Oct. 30 (UPI) -- A new export terminal at the southern Iraqi port city of Basra adds another 900,000 barrels per day of capacity, the Iraqi oil ministry said.
Iraqi Oil Minister Iraqi Oil Minister Jabbar al-Luaibi said a fifth terminal at the Basra export facility could put the total capacity at the southern port at 4.6 million barrels per day. The minister said the new terminal adds flexibility to Iraq's export potential.
Capacity is not a reflection of total actual exports, though Luabi's comments on further development export options come as members of the Organization of Petroleum Exporting Countries deliberate on the fate of a multilateral effort to balance an oversupplied market with production cuts.
Iraq has been a reluctant party to the agreement credited with establishing a floor under crude oil prices that sank below $30 per barrel last year. The price for Brent crude oil was slightly above $60 per barrel in early Monday trading.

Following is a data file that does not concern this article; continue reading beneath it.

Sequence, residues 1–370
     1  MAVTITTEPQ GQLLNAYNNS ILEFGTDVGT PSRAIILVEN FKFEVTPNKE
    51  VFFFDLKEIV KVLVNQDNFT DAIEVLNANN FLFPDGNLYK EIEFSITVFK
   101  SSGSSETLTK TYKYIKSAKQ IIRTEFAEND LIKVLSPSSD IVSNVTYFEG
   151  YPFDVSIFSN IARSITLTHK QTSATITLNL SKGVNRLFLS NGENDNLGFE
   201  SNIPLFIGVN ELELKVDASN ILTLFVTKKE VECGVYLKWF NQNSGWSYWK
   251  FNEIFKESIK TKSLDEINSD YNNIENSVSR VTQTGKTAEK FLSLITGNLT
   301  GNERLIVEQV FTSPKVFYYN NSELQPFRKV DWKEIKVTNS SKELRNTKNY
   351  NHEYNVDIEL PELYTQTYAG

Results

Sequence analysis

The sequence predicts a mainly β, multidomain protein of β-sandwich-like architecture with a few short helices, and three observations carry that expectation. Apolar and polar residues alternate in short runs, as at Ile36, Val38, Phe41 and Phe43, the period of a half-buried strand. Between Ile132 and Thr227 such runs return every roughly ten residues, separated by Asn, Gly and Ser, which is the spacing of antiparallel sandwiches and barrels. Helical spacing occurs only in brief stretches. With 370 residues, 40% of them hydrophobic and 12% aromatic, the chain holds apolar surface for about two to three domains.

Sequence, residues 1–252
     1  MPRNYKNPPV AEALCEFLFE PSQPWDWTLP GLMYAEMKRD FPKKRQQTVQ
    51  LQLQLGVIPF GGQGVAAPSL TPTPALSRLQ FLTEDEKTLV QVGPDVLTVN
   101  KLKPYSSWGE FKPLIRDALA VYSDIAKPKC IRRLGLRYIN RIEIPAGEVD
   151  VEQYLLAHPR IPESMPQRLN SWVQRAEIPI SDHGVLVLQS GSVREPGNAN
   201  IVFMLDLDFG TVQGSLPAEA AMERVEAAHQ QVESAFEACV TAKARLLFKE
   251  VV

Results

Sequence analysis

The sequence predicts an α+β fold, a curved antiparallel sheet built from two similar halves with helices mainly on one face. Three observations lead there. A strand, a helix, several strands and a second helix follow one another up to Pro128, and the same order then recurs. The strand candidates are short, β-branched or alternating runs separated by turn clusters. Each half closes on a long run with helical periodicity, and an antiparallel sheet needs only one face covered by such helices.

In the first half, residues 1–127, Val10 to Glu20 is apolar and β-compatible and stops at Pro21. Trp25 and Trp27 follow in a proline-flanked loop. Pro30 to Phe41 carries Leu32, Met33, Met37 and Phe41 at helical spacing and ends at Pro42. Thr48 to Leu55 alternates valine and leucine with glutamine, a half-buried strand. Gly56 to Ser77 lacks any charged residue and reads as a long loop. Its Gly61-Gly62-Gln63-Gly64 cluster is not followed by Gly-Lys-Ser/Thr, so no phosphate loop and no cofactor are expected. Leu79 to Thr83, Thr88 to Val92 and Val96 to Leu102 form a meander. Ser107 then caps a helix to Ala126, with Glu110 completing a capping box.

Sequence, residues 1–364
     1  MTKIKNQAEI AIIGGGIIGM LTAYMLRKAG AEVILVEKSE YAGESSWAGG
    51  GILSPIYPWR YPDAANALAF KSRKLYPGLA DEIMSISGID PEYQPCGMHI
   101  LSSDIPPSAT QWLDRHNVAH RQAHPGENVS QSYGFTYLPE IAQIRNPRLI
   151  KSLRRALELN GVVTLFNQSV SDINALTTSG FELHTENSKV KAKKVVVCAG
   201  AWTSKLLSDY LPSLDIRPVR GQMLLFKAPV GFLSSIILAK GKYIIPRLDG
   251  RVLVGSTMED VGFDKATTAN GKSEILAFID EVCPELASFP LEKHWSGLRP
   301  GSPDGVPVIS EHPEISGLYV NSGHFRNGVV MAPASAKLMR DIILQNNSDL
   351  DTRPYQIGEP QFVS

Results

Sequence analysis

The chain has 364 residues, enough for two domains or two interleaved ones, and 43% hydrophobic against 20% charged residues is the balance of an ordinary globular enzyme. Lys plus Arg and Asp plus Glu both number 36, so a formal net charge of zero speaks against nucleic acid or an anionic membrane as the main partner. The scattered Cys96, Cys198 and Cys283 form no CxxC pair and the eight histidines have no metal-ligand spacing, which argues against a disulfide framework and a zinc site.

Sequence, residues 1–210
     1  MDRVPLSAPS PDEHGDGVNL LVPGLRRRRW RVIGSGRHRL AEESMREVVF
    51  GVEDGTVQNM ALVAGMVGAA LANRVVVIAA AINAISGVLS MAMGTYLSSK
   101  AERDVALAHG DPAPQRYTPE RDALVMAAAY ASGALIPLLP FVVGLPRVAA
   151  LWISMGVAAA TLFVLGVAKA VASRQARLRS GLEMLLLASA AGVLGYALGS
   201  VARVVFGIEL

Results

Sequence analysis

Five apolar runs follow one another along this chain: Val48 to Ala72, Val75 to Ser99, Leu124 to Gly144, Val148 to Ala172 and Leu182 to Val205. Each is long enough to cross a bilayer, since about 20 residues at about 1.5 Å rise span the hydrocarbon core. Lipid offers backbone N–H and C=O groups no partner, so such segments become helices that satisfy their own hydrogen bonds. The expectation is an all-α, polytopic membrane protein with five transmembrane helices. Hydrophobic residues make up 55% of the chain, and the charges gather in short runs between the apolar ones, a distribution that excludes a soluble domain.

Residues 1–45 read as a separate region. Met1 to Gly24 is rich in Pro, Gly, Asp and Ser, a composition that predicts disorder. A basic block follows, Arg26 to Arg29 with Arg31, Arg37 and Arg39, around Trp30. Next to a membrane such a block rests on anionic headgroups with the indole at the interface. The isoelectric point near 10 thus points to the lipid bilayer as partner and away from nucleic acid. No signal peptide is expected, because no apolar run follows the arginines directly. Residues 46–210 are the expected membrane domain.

The Iraqi Oil Ministry last week said oil exports for September came in at 97.2 million barrels, or an average of 3.24 million barrels per day. Exports from Kirkuk were not included in September figures.
Iraqi forces in early October wrestled for control over oil fields in Kirkuk, a territory of dispute between the federal government and the semiautonomous Kurdistan Regional Government in northern Iraq. Crude oil from northern Iraq flows primarily by truck and through a pipeline from Kurdish territory to a Turkish sea port. A second pipeline from Iraqi territory in the north could be used once it's rehabilitated, and British energy BP suggested last week it was in broader talks with efforts in Kirkuk.
Iraqi oil exports from the southern ports peaked in December, one month before the implementation of the OPEC production agreement. Luaibi said during an early 2017 visit to the Basra port that rehabilitation operations for the infrastructure there were progressing in the right direction for Iraq. According to him, the overhauls would allow for an "unprecedented increase of oil production."
Analytical group Wood Mackenzie said Iraq is a low-cost producer that hosts some of the most capable energy countries in the world. In a May report, Ian Thom, the principal analyst for exploration and production in the Middle East and North African market, said "harsh technical service contract terms, and a myriad of technical, political and security factors, have all conspired to subdue growth," for Iraq